Rudi Henrik, heir to the Henrik family fortune, comes to inspect the damage to the Henrik’s store, accompanied by his wife and his boyfriend; all three are killed in the Auton massacre. A ‘posh boy’ is knocked over by one of the Auton Living Statues and he and his family are later caught in the Millennium Wheel when it tips over. Rose’s dodgy ex Jimmy Stone has recently moved in with a Ghanaian student, not for love but for her money; he decides to leave her, after stealing some of her valuables, and is hacked to pieces in the street by a gang of Autons. In Chiswick, Donna Noble has been nursing a hangover all day. Put to bed by her grandfather, she sleeps through the whole thing.

Cover: Anthony Dry’s cover shows the Doctor pointing his sonic screwdriver (its first ever appearance on a Target cover!) along with Rose and a pair of Autons.

Final Analysis: This is a perfect example of what a Target book should always be – telling the story we loved on TV, adding insights into the lives of the supporting characters that might not be possible to reveal within a TV schedule timeslot, add a few extra characters and background detail and throw in a couple of scenes too ambitious for even a generous TV budget. Russell is confident enough in the character of Rose to allow her to be selfish, demanding and aware of her own faults, because she’s also determined, brave and compassionate. All of these things made her such a strong, fully rounded woman on TV but here we get to understand more of who she was before we met her. 

This is only Russell’s third novel (he wrote Damaged Goods for the Virgin New Adventures and adapted his first CBBC serial, Dark Season, for BBC Books) and as we’d expect, he brings a more adult approach than we might have seen before in a Target adaptation – even though it’s entirely family friendly. So there are characters who are gay, one in transition, and even just the acknowledgement that people might be sexual beings feels like a brave new world. Jackie Tyler may have photos of her late husband and find herself still mourning him, but she still has ‘understandings’ with various friends around the estate. She’s grown up with nothing and isn’t afraid to take what she feels is owed to her, whether it’s a favour from Rodrigo or a premature spending spree in anticipation of her share of Rose’s compensation. There are a few mild swear words, a couple of uses of ‘bloody’, a ‘sod that’, plus something that wasn’t an issue for British viewers on transmission of the TV episode, but turned out to be controversial elsewhere. The phrase ‘leave the domestics outside’ is retained here. It’s a term commonly used by the police in the UK, meaning ‘domestic abuse’ – threatening or violent behaviour between partners or family members. Unfortunately, some North American viewers incorrectly interpreted this as ‘domestic servant’, suggesting a racially insensitive description of Mickey. This led to a few heated and (for British fans) rather baffling conversations at conventions in the year after Rose was first broadcast.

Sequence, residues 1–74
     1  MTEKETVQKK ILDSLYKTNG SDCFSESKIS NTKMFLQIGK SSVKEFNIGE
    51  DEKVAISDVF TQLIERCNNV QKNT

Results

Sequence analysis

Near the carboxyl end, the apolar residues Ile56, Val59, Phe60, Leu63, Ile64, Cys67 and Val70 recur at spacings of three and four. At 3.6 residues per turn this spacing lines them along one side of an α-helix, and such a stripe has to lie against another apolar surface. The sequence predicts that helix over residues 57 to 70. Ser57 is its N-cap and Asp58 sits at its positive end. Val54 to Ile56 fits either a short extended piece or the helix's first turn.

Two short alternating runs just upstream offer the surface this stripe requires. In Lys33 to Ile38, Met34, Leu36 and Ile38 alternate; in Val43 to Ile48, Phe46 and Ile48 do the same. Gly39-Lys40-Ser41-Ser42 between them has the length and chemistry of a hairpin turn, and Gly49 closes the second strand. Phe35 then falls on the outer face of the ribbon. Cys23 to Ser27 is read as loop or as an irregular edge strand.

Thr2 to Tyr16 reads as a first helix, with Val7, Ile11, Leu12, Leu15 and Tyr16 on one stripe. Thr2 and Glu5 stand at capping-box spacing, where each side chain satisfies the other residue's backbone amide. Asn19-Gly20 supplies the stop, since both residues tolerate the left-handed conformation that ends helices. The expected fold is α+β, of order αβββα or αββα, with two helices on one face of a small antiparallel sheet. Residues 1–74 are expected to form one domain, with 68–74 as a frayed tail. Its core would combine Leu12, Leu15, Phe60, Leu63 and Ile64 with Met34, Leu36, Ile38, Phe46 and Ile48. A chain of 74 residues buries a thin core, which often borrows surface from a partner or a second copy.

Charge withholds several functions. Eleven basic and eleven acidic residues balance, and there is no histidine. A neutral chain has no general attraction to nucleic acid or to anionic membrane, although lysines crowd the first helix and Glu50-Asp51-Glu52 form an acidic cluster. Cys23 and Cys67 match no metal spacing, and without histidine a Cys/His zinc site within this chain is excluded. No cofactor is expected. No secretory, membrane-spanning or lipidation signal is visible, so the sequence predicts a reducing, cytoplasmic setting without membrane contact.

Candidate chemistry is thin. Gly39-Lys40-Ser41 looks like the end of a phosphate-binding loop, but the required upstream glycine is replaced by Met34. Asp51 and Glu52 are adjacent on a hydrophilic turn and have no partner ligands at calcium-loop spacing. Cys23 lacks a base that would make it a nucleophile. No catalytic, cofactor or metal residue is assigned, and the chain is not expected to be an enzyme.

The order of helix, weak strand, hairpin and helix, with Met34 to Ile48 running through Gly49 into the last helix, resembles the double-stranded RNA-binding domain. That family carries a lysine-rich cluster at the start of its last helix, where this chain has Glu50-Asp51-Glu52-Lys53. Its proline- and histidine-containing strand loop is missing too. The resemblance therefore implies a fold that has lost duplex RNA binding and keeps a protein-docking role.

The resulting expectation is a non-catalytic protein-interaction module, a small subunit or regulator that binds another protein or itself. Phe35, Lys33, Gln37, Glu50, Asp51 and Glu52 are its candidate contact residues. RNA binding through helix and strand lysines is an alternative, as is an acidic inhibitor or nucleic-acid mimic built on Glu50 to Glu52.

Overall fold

I’ve cheated slightly in how I’ve ordered these final chapters as, officially, Rose entered the Target library before The Pirate Planet, the TV Movie, the two Saward Dalek stories and the two Fisher rewrites – but this is the right way to end. At the time of writing, Russell T Davies has not indicated that he’ll be writing any more Targets, happy to leave those adaptations to other writers. It’s a shame, because I’d love to see him tackle some more. But if you’re going to write just one Target book, let it be this one. Marvellous!

Thank you for following this quest to the very end. Although I’m not covering the rest of the 21st century stories, you can find a quick guide to them in this chapter. As a reward / punishment for sticking with me this far, come back on 17th November, when I’ll be releasing something new, one chapter a day, leading up to Doctor Who’s birthday.

Chapter 14. Doctor Who and the Terror of the Autons (1975)

Synopsis: A renegade Time Lord calling himself ‘The Master’ has followed the Doctor to Earth and as an introductory calling card he’s brought the Autons with him. The Doctor has even more trouble on his hands with a new assistant forced upon him by the Brigadier, the very keen and very newly qualified agent Jo Grant.

Chapter Titles

  • 1. The Terror Begins
  • 2. Sabotage at the Space Probe
  • 3. The Master Takes Over
  • 4..Death at the Plastics Factory
  • 5. The Killer Doll
  • 6. In the Hands of the Autons
  • 7. The Battle of the Forest
  • 8. The Killer Doll Attacks
  • 9. The Deadly Daffodils
  • 10. Prisoners of the Master
  • 11. The Final Assault
  • 12. The End of Round One

Background: Terrance Dicks adapts Robert Holmes’ 1971 scripts.

Notes: Our introduction to Luigi Rossini (real name here is ‘Lew Ross’) presents a much more consciously obnoxious figure, employing labour of a mainly criminal type as they’re cheap and won’t risk complaining. This includes Tony the Strongman, who’s wanted by the police. Rossini manages to persuade his crew that the Doctor and Jo blew up Phillips as they were trying to steal the mob’s wages. The Auton meteorite device glows green as in The Auton Invasion, while the Master says that the plastic chair that kills McDermott is made of ‘polynestine’. The Doctor recognises the visiting Time Lord as being a member of the High Council who exiled the Doctor to Earth.

The Doctor recognises the device that the Master leaves in the cabin of the radio telescope is a ‘Volataliser’, a product of ‘The Xanthoids [who] use them for mining operations’, while the one that Jo tries to detonate in the UNIT lab is ‘a Saturnian Solar Bomb’. One of the best / nastiest additions is the revelation that the Master uses Professor Phillips to help him operate controls within his Tardis, but when he’s not on duty, he is both disguised as – and forced to work as – an actual clown, because it amuses the Master to ‘degrade a brilliant scientist into a mindless buffoon’. There’s a gap of a few days between Mr Farrel’s death and the Doctor’s visit to his wife, and the distribution of the daffodils spans a few more days too. Brownrose from the Ministry is completely removed and I didn’t even notice until just now. And of course, as the cover reveals, the description of the Nestene’s arrival is much more impressive than on TV.